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Healthy Living: Freeze Your Fruit


No doubt the summer months produce some of the best fruit of the year, but how do you maximize all those great flavors – and the nutritional value – later in the year?

You can freeze summer fruits for use a few months down the road without compromising their taste, textures or nutrients if you go about it the right way.

  • For raspberries and blackberries, rinse, dry thoroughly, and then spread in a single layer on a baking sheet. Place in the freezer overnight. The next morning, portion into freezer bags or containers and seal well.
  • For blueberries, remove stems, rinse and dry. Then, follow the same method for raspberries and blackberries.
  • For strawberries, rinse, dry completely and then remove stems. Chop or slice and freeze until solid.
  • If you want to freeze fresh cherries, rinse, dry, remove pits and slice before freezing until solid.
  • Bananas are easy. Just peel and freeze until solid. They’re great for smoothies and banana bread.
  • For stone fruits like peaches, rinse, dry, peel, slice, remove pit and freeze until solid.
  • Apples are easy, too. Rinse, dry, peel, cut into chunks and freeze until solid.
  • For melons, remove the inside flesh and chop. Freeze until solid.
  • Citrus fruits can also be frozen. Rinse, dry, slice or segment and freeze until solid.

All these fruits are great for smoothies, toppings on yogurt, mixed into oatmeal or cereal, or baked into breads, muffins or cookies. You get summer taste and nutrition all year long.



Healthy Living: A Nutritional Favorite – Watermelon


A Nutritional Favorite - WatermelonLast weekend, we bought a watermelon at Brookshire’s. Now it’s still May and watermelons are at their prime in early July, but this one, as my family declared, “tasted like a Fourth of July melon.”

Indeed it did, and we’re thankful to have access to such beautiful produce grown close to home.

Not only is watermelon delicious, but it’s super healthy, too.

Watermelons are mostly water, 92 percent, in fact. So, eating watermelon keeps you well-hydrated.

You can also eat a lot without fear of consuming too many calories! One cup of watermelon contains only 42 calories.

It also contains many other nutrients, including:

  • Vitamin C: 21% of the RDI
  • Vitamin A: 18% of the RDI
  • Potassium: 5% of the RDI
  • Magnesium: 4% of the RDI
  • Vitamins B1, B5 and B6: 3% of the RDI

Watermelon is also high in carotenoids, including beta-carotene and lycopene.

There’s no reason NOT to eat watermelon all summer long!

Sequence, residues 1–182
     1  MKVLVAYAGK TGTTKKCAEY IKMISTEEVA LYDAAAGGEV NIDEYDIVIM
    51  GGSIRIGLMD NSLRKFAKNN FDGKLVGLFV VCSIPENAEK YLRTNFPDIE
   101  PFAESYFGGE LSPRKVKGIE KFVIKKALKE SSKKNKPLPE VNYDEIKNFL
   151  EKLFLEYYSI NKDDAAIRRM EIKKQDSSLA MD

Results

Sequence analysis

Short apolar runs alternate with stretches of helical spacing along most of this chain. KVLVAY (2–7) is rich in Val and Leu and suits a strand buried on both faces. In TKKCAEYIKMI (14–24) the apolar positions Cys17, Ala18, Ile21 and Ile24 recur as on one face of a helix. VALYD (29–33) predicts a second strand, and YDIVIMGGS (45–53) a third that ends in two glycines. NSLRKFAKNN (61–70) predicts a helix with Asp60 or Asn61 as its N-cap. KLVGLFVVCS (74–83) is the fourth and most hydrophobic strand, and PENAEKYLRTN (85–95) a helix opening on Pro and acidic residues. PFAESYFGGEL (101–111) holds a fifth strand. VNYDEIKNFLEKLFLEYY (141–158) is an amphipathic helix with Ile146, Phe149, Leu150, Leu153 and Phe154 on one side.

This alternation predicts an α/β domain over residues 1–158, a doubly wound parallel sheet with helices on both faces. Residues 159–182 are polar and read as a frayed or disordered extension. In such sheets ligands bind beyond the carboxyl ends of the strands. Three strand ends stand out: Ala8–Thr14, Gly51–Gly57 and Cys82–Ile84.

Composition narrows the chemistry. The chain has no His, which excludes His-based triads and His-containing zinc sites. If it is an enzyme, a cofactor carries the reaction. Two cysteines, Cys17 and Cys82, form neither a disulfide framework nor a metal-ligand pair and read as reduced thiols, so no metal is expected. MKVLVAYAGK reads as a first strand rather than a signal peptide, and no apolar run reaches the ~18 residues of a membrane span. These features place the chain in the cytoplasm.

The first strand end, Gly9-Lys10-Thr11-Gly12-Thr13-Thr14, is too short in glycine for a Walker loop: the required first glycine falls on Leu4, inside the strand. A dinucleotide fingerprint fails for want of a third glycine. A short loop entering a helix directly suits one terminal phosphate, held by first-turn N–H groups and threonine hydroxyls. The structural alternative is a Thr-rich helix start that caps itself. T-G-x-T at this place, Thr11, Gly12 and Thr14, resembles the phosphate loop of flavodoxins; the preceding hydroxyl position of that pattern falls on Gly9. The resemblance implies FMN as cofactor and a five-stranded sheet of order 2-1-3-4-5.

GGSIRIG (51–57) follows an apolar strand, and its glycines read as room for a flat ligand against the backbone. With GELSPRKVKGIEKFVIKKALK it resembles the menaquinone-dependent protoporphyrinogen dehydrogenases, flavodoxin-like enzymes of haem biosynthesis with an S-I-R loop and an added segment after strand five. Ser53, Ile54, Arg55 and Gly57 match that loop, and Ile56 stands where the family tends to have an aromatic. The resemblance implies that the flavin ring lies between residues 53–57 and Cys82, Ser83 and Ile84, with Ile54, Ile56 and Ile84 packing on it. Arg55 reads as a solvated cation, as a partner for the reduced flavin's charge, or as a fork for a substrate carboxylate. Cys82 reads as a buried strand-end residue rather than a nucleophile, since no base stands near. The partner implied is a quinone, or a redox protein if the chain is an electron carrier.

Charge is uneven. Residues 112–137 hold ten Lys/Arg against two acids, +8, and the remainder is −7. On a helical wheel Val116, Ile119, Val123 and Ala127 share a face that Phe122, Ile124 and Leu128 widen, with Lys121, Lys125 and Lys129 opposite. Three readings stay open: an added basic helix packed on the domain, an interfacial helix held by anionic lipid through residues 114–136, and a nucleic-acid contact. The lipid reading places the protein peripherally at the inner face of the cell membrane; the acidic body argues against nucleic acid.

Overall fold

Dine In: Blueberry-Watermelon Feta Salad


Blueberry-Watermelon Feta SaladAll of the local farmers markets are starting to open. I love walking through the fresh produce, fragrant flowers, and tantalizing sights and smells.

It’s pretty much like walking through the produce department at Brookshire’s all year long.

This vibrant summer salad bursts with unexpected flavors that dance on your tongue. Make it right before serving though, as this tends to get soupy or mushy if it sits too long.

Blueberry-Watermelon Feta Salad

Ingredients:
2 oz olive oil
1 oz balsamic vinegar
1/2 tsp salt
1/2 tsp ground black pepper
1/4 cup red onion, finely diced
8 cups watermelon, diced
2 cups fresh blueberries
1/4 cup mint leaves, roughly chopped
1/2 cup feta cheese, crumbled

Directions:
Whisk together olive oil, balsamic vinegar, salt, pepper and red onion in a large glass (or other nonreactive) bowl. Add watermelon, blueberries, mint and feta. Toss gently to coat. Serve immediately.

Serves 4

Nutritional Information: Calories Per Serving: 303, Fat: 18 g (5 g Saturated Fat), Cholesterol: 17 mg, Sodium: 507 mg, Carbohydrates: 35 g, Fiber: 4 g, Sugar: 27 g, Protein: 5 g.

View this recipe to print or add items to My Shopping List.



Dine In: Grilled Dijon Onion Rings


Grilled Dijon Onion RingsDuring this time of year and if it’s Friday night, you’re going to find me on the back porch, likely with a fire going in the chiminea and something on the grill.

My favorite thing about the grill, aside from the scent and sizzle, is the variety of options you can cook outside. Not only do we grill our protein for almost every meal but most of our side dishes as well.

So far this year, I’ve grilled zucchini, baby portobello mushrooms, asparagus, squash, eggplant, green beans and onions.

These Grilled Dijon Onion Rings are amazing with steak. Grilling them gives the onions a smoky sweetness that is a wonderful complement to a rich steak.

Grilled Dijon Onion Rings

Ingredients:
3 Tbs Dijon mustard
1 Tbs lemon juice
1 1/2 tsp extra virgin olive oil
1 tsp dried thyme
1 tsp lemon rind, cut into 1-inch julienned strips
2 sweet onions (such as Noonday), cut into 1/4-inch slices

Directions:
Preheat grill to medium-high heat. Whisk Dijon mustard, lemon juice, extra virgin olive oil, thyme and lemon rind in a small bowl until well-combined.

Brush one side of the onion slices with some of the mustard mixture. Place the onion slices mustard-side down in a grill pan/basket/griddle.

Grill for about 5 minutes on the first side, while you baste the other side with the remaining mustard mixture. Turn once, and grill for another 5 minutes. Remove from the grill, and serve immediately.

Serves 4

Nutritional Information: Calories Per Serving: 48, Fat: 2 g (0 g Saturated Fat), Cholesterol: 0 mg, Sodium: 136 mg, Carbohydrates: 6 g, Fiber: 2 g, Sugar: 3 g, Protein: 1 g.

View this recipe to print or add items to My Shopping List.

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Shop the Sale: Grilled Corn Three Ways


Grilled Corn Three WaysSummertime is grilling time, and one of the healthiest – and tastiest – grilled vegetable options is corn on the cob. It’s so easy to do and there are endless ways to add even more flavor to this sweet, summer favorite (although you honestly can’t go wrong with plain either). The best bit? Corn is in season, so you’ll have your pick of the juiciest cobs. The second best bit: corn is on sale all week at Brookshire’s!

Recipe